You might want to spend a while on Wikiwiki: (If you have never been to the first wiki, make sure you take some time to look at everything written here.)


Remote pairing: 


You can also find these links and other on my delicious page for PairProgramming

Last week I published the Agile Thursday Quiz about Retrospectives.
Here are the answers from Ben Linders. (who created these questions.)

1) When do you normally do a retrospective?
b is the best answer, all others are wrong or do not reflect the real intention of a retro.

2)  Who should attend the retrospective?
a and c are both valid answers, this questions aims to trigger reaction if the PO should or should attend the retro.

3) What is the best way to do a retrospective?

4) What happens with the actions that come out of retrospectives?
b is the correct answer, e is not wrong but doesn’t emphasize enough that it is the team who takes action

Where to learn more about Retrospectives:



A few of my example Retrospectives





One of the ways I am coaching companies, is that I offer what I call free mini agile training sessions.
These are brownbag sessions, something I learned from Linda & Mary Lynn great book: Fearless Change

Today these are 1 hour (optional) sessions for anyone in the company that wants to learn about agile.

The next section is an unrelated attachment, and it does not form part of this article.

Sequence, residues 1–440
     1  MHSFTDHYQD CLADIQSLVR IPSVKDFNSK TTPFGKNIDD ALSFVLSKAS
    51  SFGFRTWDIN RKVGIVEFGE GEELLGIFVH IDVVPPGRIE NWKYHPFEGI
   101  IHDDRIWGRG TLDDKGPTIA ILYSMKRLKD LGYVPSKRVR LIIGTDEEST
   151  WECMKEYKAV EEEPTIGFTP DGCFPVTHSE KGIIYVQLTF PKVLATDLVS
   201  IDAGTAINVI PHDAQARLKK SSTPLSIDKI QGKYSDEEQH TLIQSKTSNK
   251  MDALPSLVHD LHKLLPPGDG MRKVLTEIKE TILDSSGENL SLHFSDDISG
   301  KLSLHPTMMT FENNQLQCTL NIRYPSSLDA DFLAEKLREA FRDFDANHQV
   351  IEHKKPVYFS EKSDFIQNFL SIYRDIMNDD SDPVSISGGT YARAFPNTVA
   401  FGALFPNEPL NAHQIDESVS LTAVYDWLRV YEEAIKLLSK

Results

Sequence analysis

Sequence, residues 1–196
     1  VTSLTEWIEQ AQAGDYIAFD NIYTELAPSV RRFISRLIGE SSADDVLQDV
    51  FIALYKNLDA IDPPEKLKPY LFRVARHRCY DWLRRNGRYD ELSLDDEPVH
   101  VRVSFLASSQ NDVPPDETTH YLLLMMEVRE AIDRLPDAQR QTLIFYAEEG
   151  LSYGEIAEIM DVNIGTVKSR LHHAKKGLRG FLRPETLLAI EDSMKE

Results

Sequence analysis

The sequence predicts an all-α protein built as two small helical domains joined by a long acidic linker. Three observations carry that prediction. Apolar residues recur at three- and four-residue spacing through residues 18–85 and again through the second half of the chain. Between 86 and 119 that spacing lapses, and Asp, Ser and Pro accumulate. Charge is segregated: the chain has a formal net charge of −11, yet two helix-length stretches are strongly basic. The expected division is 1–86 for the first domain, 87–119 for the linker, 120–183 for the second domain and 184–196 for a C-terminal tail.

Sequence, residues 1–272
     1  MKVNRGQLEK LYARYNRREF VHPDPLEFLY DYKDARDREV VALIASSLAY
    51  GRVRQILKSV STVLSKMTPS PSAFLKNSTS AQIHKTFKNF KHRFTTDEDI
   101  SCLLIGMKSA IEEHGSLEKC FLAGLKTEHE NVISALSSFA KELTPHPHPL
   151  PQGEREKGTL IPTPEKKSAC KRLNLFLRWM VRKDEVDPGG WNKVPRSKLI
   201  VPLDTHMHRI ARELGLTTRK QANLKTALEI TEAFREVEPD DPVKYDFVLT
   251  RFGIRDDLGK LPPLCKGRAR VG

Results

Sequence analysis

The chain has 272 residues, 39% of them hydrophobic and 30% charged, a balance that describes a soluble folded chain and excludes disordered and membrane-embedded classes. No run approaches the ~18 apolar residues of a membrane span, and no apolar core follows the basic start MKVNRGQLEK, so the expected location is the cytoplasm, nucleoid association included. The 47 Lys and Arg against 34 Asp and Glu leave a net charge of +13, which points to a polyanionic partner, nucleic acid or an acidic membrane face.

Depending on how much time I spend at the company, I do them once a week or ever x weeks.
Sometimes they are workshops I am doing for a long time, sometimes they are try out’s of something new.

This is an example of a such a try out-session.

I show a picture of a kanban board similar to the one below:
(I took a different one, so I can keep mine for my exercise 😉 )

Scrum Board

I gave everyone post-its and a 5  to 10 minute timebox to write down what they saw.

Then everyone could present one post-it and in a round-robin way we went around the table. (After we have done one round, we turn again, until most people have no post-it’s left anymore.
Depending on how many idea’s there are, we look at all of them.

Every time a person presented a post-it. I asked everyone if it was a fact or an interpretation.

let me give you an example:
– people are already working on the second story before the first is finished.
> actually the first lane is a priority lane, that is working with support tickets.

Ok, I admit that is hard to figure out from a picture that is not complete. let’s look at a next one.

– Alex is working on too many stuff.
mm the fact is, there are 3 post it’s with a small post it Alex on it.
In this case, the team leaves a post it in the WIP colum, untill the next stand up. Yet they do a blue Done sticky, when finished. Alex is actually only working on one thing.

by this time people start realize that seeing facts is really hard.
yet at the same time they do miss a lot of obvious facts. So obvious that we ignore them.
The board uses black tape to make the squares. this might seem trivial and not important, untill I tell you that this is the black team and the color of the tape is making the difference on the boards.
Other facts: some post it’s are yellow, others are green.

When I did the tryout of this exercise, we had a team member joining this workshop  rather late.
This turned out very fortunate, as I told this person the exercise and when he presented his post it’s, I asked the already present team members to replay the exercise with him.